Hyderabad Film Industry (Tollywood)

Filed under Basics

Every developed country has, as one of its important roots, its own movie industry. In fact, film is probably one of the best indicators of a place’s culture. With film, one can see how a nation has developed, both artistically and culturally across the years. The film industry can also put a country or a place on the map, the classic case in point being, of course, Hollywood.

India is also not one to be left behind when it comes to films. Its greatest contribution is perhaps Bollywood, the Mumbai-based film industry which has been making subtle but growing waves across the other continents. That is not to say, however, that India doesn’t have other film industries in its sleeve; there are, and some of them are as interesting. Telangana and Hyderabad, in particular, have Tollywood and, just like the movies, it has a rich story to tell.

Early Time

Like most film industries, everything started with the silent films. Tollywood had its origin in India’s Telugu language film industry in 1921, with the production of Bhisma Pratighna. The film was directed by the father-son tandem of Raghupati Venkaiah and R.S. Prakash. They would go on to produce and direct many more films in the decades to come, generally getting theater actors major roles. Their films often focus on religion, with three of their most famous works Nandanar, Matsyavatar, and Gakendra Moksham centering on parables, religious figures, and morals.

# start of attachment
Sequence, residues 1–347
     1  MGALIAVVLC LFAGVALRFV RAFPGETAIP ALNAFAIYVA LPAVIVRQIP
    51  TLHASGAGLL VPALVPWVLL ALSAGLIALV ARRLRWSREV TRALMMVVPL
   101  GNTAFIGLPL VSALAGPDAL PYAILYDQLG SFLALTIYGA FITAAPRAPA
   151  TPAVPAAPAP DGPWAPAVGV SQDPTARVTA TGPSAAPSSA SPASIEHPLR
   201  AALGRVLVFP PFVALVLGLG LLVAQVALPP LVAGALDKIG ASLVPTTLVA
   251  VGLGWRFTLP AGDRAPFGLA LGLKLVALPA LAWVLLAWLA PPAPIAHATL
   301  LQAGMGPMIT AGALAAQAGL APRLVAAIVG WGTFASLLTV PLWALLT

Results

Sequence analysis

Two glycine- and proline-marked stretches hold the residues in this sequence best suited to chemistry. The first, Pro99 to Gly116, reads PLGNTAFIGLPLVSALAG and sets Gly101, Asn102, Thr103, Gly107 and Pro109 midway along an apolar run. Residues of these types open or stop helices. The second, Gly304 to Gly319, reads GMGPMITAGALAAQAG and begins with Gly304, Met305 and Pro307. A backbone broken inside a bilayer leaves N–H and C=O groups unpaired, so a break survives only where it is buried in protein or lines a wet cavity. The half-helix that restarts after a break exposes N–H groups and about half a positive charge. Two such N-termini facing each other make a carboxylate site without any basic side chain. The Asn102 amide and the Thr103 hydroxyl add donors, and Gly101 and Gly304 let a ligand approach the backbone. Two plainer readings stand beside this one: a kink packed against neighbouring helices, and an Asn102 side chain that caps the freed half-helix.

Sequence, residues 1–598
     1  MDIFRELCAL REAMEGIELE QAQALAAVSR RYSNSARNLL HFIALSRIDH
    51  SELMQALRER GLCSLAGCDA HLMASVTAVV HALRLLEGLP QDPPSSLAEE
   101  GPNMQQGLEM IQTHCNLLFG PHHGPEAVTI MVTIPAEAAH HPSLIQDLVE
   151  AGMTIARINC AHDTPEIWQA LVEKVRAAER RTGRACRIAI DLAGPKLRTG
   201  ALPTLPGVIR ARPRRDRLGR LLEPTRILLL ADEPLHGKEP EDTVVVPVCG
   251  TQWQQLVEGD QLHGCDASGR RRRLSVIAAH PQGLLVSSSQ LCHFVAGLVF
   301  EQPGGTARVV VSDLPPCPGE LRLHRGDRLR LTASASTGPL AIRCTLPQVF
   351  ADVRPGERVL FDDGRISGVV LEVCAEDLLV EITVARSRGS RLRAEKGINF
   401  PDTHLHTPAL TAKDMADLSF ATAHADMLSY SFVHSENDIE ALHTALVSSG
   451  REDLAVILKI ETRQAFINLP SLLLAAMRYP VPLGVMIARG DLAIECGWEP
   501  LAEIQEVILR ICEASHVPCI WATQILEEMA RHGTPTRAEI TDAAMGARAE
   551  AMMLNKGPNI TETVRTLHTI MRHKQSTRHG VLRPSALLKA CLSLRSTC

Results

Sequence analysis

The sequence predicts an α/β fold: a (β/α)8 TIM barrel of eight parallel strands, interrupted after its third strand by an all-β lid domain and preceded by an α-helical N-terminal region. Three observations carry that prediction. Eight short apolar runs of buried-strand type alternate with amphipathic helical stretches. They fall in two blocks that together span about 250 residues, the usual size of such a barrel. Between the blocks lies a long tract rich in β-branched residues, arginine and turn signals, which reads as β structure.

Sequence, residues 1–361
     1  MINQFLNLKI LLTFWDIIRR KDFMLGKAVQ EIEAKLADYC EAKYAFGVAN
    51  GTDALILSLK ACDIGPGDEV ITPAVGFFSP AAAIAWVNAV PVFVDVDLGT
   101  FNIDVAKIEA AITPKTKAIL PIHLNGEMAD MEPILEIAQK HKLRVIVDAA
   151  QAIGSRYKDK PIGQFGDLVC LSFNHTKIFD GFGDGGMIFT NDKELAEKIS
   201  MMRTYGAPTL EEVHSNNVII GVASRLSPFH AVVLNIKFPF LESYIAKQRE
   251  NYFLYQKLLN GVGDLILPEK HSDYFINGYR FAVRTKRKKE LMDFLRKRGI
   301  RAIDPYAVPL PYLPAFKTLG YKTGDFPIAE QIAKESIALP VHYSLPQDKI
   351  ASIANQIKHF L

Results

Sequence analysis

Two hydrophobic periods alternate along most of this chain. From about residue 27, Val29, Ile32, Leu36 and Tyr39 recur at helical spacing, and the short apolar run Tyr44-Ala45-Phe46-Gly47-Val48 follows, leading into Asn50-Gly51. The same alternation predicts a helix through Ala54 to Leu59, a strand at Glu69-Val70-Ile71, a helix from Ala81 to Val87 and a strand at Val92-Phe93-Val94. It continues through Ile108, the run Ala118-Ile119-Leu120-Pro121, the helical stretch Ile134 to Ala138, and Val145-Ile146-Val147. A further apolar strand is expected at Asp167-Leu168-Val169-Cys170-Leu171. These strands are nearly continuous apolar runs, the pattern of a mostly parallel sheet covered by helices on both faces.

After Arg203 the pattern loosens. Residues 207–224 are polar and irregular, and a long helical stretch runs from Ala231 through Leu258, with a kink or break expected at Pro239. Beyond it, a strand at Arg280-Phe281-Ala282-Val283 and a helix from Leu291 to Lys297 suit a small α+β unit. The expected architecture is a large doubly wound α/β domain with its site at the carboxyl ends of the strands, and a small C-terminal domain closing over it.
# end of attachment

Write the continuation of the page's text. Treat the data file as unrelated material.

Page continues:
When the talkies finally broke through in 1931, the first Telugu film with sound was Bhakta Prahlad, produced by H.M. Reddy. Talkies suddenly garnered a huge following and in 1934, the first commercially successful film was produced, in the form of Lavakusa. The film, which starred Parupalli Subarao and Sriranjani in the lead and directed by C. Pullaiah, drew in an unprecedented number of viewers to the theaters and made the industry a permanent part of mainstream Indian culture.

When World War II broke out, the scarcity in resources caused the British Raj to impose a limit on filmstrip usage to just 11,000 feet. As a result, there were fewer films produced during the war than in previous years. Nonetheless, an important shift occurred before the banning: independent film making arose, actors and actresses have started signing contracts limiting who they could work for, and film themes shifted from social issues to folklore legends. Such shifts were typified by none other than Balanagamma, a film produced in 1942. By 1947, nearly all films produced by studios had contracted actors.

The Industry Today

Currently, Tollywood produces around 150 films annually, with approximately three films produced per week. There are also several TV channels dedicated solely for the showing of Telugu movies.

Tollywood is a consistent revenue earner, contributing about 1% of the total revenues of Telangana. There are also remakes of Telugu films by the Tamin and Hindi film industries. Tollywood itself makes remakes of Hindi, Tamil, and other language films.


Comments are closed.